Civil Rights and Human Services Subcommittee Republican Leader Russ Fulcher (R-ID) delivered the following remarks, as prepared for delivery, at a subcommittee hearing on holding the Equal Employment Opportunity Commission (EEOC) and the Office of Federal Contract Compliance Programs (OFCCP) accountable for over-burdening job creators and not meeting the needs of American workers:
“Congressional oversight extends to the Equal Employment Opportunity Commission and the Office of Federal Contract Compliance Programs, both of which are currently struggling to meet the needs of American workers and job creators.
“The work of EEOC and OFCCP is important, but too often becomes a weapon against job creators. American workers deserve to be protected from unlawful discrimination and given an equal opportunity to succeed in the workplace. The vast majority of job creators treat their employees fairly and have their employees’ best interests in mind. Federal agencies must stop treating our country’s business owners like predators.
“One of the most concerning things coming out of the Biden administration’s OFCCP is the decision to rescind the Trump-era rule protecting faith-based contractors. It’s ironic that an agency tasked with preventing and combatting unlawful discrimination is pushing the door open for faith-based organizations to be discriminated against.
“The previous administration’s final rule gave religious organizations the opportunity to bid for federal contracts without fear of having to compromise their faith or religious character. Without this explicit protection, many religious federal contractors will be left without clear guidance regarding their rights and obligations. This will keep many religious organizations from bidding for federal contracts.
“Protecting the constitutional principle of the free exercise of religion is crucial. OFCCP should uphold and protect the First Amendment instead of undermining this fundamental American principle. The right of faith-based organizations to follow their sincerely held religious beliefs should not be up for debate.
“OFCCP is also likely operating outside the law by forcing federal contractors to perform pay equity audits and deny them the right to invoke attorney-client privilege. There is no such audit requirement in existing law, so one has to wonder where OFCCP believes its authority is coming from. These actions will reduce clarity and transparency in the audit process, especially where employee pay is concerned.
“EEOC spends far too much of its time looking for discrimination where there isn’t any, instead of processing the backlog of claims from America’s workers. Even after EEOC added 450 employees, monetary recoveries for workers decreased by 9.6 percent, litigation recoveries for workers decreased by 67.9 percent, and compliance assistance outreach efforts also declined sharply. These numbers represent the hardworking Americans who came to EEOC for help and have been greeted with delay and inefficiency, if they received any help at all.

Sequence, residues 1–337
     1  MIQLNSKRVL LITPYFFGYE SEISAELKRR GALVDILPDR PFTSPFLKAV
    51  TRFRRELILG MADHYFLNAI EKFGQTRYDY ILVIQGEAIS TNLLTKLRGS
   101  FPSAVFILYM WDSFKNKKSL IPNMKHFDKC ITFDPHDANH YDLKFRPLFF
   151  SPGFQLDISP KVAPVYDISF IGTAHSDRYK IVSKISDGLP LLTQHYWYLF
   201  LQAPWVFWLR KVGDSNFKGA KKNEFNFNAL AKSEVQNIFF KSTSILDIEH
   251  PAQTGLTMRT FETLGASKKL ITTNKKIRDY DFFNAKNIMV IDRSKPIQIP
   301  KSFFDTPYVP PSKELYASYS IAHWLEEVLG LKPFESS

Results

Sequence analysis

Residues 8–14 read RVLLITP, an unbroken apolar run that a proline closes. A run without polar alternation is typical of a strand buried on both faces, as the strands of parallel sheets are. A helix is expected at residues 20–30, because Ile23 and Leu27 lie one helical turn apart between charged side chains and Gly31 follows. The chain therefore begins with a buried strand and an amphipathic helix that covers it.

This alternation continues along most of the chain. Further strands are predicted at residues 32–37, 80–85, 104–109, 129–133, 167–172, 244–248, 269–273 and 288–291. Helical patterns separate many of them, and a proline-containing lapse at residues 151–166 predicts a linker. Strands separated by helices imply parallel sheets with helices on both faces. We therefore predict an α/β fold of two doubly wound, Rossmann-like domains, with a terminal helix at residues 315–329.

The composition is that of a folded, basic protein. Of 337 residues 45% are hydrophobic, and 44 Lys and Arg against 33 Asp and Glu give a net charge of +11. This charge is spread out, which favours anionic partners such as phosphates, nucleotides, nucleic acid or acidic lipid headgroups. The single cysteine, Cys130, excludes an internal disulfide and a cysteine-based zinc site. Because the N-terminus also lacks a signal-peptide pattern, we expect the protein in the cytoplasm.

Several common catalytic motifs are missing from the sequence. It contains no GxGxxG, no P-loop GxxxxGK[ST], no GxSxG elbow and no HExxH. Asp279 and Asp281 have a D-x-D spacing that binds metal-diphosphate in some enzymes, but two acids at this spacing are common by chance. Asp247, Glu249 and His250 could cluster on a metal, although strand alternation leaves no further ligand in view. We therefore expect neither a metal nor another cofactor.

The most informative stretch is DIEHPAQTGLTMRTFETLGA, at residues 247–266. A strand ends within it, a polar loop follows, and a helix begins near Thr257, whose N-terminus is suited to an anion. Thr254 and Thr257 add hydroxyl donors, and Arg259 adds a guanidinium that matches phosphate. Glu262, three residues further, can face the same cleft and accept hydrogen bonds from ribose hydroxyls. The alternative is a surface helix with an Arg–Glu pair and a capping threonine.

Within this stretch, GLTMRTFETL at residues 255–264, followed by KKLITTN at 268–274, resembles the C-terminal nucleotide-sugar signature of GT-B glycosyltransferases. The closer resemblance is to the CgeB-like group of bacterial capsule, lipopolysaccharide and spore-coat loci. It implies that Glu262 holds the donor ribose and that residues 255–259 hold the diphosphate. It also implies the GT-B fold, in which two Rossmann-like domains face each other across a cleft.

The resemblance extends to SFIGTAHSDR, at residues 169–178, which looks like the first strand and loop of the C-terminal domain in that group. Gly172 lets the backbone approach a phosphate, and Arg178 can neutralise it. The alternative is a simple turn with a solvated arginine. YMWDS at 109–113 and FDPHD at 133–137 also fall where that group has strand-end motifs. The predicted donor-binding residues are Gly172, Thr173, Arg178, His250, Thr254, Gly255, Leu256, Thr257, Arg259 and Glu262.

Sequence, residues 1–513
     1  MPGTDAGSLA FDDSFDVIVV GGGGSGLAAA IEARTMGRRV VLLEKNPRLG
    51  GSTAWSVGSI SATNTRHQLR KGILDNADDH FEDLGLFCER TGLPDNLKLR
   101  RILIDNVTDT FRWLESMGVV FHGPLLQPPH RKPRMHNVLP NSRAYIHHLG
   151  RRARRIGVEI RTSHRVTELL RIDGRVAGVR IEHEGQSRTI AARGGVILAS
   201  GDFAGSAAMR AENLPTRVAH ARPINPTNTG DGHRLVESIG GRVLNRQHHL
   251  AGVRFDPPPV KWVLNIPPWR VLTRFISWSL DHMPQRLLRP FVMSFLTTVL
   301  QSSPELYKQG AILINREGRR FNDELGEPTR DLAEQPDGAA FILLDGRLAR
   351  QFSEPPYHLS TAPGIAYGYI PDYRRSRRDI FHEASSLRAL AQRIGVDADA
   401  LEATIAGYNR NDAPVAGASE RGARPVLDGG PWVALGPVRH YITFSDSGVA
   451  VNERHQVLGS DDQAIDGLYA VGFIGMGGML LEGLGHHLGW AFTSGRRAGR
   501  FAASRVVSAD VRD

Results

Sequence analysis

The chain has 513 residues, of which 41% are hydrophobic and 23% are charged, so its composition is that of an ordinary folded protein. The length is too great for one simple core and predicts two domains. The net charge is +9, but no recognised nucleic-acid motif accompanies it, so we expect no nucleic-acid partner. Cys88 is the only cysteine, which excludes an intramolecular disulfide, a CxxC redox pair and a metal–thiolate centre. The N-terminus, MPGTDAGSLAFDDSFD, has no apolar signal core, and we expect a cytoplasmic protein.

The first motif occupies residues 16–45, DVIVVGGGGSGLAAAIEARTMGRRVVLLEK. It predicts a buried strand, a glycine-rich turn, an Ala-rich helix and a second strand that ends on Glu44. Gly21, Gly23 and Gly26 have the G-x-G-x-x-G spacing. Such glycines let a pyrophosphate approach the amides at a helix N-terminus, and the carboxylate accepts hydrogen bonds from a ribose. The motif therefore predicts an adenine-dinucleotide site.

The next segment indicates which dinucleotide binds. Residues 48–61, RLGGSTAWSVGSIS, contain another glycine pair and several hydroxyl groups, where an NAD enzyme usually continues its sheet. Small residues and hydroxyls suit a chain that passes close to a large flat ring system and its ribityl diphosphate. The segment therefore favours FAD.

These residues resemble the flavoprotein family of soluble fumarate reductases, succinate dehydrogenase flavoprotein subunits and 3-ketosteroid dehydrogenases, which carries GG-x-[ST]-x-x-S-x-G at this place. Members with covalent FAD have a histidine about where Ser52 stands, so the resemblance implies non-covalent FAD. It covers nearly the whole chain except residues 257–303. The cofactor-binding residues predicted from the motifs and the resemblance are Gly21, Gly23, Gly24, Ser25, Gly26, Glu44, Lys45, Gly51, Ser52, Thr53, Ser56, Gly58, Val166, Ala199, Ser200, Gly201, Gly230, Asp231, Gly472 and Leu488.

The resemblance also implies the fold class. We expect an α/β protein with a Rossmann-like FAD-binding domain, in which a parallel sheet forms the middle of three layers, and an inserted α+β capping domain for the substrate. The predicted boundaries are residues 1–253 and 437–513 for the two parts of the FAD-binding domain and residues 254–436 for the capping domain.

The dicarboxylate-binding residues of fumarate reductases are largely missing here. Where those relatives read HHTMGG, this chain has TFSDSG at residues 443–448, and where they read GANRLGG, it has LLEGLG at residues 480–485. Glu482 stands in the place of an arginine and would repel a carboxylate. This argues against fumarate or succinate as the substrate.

“EEOC has yet to return its offices to in-person work, and all 53 field offices are closed, even though most are located in states and localities where private businesses, schools, and other government offices are fully open. That’s why on March 23, Republican Leaders Foxx and Comer sent a letter to Chair Burrows raising concerns that EEOC does not have an immediately executable plan to return to in-person work.
“We know that a lack of on-site EEOC personnel hinders the ability of claimants to receive the help the agency was created to provide. Chair Burrows, you state in your testimony that the most vulnerable were probably the ones who suffered most from the closure of local offices, and yet your agency has yet to reopen those facilities. This Committee deserves to know if in your calculation, the risk of COVID-19—even with widely available vaccines—outweighs the cost to those vulnerable workers.
“It is not surprising the current party in leadership wants to throw more money at this agency. The Biden administration is requesting that Congress increase EEOC’s budget by $44.7 million to nearly $465 million.
“Burdensome requirements added unnecessary costs to businesses, and EEOC did nothing with the data collected.
“Besides costing job creators $325 million annually and doing nothing to prevent pay discrimination, there are important confidentiality concerns regarding EEOC’s ability to protect the collected data.
“In conclusion, EEOC and OFCCP need to focus on protecting workers without throwing employers under the bus. We all want to see workers succeed, but over-regulating job creators is counterproductive. These agencies need to get their own houses in order before they throw more red tape on businesses.”